Internet of Sense

Internet of Senses

Internet of Sense

Zuckerberg’s developers have created virtual reality gloves that transmit tactile sensations. Experts expect that a full-fledged “Internet of Senses” will become a reality in 10 years. Let’s find out what consumer gadgets with the ability to transmit touches, smells and tastes will look like.

Technology “Internet of Senses” will become a reality in 10 years

You want to pet your cat but at the same time you don’t want to spend money on food, clean up after it and think where to put it while you are away? It seems that this desire is already quite feasible. Meta Reality Labs, a division of Mark Zuckerberg’s company, has developed a haptic glove that provides an almost real sensation when touching or stroking virtual objects.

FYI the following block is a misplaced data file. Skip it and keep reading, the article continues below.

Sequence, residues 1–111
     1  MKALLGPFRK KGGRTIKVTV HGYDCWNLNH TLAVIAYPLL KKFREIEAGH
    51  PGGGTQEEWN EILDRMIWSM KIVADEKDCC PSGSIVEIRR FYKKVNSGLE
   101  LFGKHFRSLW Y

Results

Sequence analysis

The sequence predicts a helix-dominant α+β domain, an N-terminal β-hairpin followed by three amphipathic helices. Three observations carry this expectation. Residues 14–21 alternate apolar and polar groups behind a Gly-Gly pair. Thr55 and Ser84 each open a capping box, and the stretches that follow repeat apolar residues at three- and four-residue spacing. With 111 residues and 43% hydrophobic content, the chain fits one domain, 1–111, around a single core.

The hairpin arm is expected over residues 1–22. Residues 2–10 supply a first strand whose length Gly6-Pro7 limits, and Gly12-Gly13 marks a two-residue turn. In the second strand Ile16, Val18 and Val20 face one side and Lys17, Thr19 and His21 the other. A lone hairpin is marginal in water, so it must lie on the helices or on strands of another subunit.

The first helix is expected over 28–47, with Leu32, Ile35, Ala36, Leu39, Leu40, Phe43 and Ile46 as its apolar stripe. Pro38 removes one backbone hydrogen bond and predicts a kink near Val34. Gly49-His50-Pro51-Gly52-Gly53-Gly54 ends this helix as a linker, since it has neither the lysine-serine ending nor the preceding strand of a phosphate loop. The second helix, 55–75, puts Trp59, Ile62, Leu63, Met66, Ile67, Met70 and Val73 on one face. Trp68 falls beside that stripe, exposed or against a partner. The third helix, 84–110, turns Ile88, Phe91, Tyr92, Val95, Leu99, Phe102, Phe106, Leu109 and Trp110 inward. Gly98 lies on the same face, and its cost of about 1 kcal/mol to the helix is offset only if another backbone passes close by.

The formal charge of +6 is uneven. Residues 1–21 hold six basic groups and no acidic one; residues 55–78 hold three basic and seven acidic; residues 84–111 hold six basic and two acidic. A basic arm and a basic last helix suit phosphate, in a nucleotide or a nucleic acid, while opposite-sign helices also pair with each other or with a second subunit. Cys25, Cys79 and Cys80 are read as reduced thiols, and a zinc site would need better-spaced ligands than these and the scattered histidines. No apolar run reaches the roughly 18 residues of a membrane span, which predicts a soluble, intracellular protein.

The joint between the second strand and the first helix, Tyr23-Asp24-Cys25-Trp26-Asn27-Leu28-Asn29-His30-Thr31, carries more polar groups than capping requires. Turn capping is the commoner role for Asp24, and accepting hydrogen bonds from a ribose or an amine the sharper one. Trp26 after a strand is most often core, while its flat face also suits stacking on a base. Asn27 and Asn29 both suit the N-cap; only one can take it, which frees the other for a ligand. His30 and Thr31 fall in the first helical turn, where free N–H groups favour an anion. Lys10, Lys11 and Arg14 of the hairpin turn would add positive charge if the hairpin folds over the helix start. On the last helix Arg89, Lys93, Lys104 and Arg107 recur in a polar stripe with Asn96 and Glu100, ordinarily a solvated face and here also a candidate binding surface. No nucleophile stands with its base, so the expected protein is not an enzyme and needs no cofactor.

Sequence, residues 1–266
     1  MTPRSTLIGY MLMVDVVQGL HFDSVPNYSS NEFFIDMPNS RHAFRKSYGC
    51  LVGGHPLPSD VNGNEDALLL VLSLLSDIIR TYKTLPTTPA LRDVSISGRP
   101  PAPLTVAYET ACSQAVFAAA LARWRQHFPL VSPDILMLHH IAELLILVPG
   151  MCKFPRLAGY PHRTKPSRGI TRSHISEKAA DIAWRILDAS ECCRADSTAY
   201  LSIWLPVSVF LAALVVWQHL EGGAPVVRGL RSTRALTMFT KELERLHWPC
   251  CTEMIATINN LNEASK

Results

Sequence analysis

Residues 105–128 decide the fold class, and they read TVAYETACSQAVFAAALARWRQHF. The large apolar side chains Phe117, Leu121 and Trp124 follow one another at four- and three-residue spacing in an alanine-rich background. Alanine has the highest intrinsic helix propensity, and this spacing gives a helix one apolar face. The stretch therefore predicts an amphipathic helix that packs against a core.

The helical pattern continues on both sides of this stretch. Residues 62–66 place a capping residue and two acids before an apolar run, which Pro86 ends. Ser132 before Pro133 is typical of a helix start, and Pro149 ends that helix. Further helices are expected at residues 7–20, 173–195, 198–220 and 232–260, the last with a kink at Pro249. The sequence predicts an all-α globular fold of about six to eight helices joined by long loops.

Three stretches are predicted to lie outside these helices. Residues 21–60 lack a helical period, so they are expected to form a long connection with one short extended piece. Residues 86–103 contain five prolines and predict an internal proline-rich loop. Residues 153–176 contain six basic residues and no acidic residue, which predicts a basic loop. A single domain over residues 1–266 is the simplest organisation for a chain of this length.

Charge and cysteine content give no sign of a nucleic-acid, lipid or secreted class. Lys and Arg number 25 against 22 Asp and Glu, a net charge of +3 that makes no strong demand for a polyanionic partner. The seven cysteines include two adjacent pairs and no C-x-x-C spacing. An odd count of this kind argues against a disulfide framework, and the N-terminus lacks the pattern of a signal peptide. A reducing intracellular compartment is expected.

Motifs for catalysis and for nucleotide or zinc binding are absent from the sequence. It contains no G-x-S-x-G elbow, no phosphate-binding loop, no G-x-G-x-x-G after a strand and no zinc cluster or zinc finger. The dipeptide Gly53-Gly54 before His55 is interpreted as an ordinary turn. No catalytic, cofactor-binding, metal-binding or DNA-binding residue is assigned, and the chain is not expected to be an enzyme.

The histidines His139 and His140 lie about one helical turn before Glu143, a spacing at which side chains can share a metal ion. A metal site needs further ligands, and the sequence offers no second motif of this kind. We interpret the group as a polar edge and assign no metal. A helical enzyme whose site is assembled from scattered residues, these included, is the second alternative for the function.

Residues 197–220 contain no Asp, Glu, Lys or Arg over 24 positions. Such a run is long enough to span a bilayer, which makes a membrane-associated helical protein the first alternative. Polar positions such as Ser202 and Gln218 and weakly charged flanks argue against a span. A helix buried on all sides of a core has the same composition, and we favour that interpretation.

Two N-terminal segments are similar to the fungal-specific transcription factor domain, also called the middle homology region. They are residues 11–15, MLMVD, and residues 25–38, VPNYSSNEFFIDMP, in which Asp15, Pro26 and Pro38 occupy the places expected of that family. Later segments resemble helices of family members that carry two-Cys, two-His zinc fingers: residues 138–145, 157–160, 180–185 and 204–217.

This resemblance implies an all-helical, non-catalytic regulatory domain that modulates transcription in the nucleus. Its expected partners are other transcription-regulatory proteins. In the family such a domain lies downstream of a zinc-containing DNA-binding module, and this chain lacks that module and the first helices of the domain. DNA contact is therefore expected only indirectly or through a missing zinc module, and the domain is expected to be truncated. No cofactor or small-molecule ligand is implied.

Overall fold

The inside of the device is dotted with pads that respond to sensor readings and change pressure, thus creating the illusion of touching something with your hand. According to Michael Abrash, the head of MRL, if you look at an object (like a ceramic plate) on the screen and “touch” it at the same time, the feeling is incredibly convincing. The glove is supposed to be part of the interface for interacting with the “metaworld” that Mark Zuckerberg announced a month ago.

Creating a fully immersive experience in a fantasy world is a dream that people have been trying to achieve for a long time. But early experiments in this direction, as is often the case, did not come out the most successful.

Fragrance in binary code

With the spread of electronics and the Internet, a new fix idea arose: to encrypt smells in the form of a digital code and transmit them with synthesizer devices. After all, all compounds are made up of chemical components. This means that we can try to encode them, record them on media and transmit them in a digital form anywhere, and already in the place of reception – translate electronic signals into the necessary aromatic “notes”. Of course, a special device would be needed for “listening”.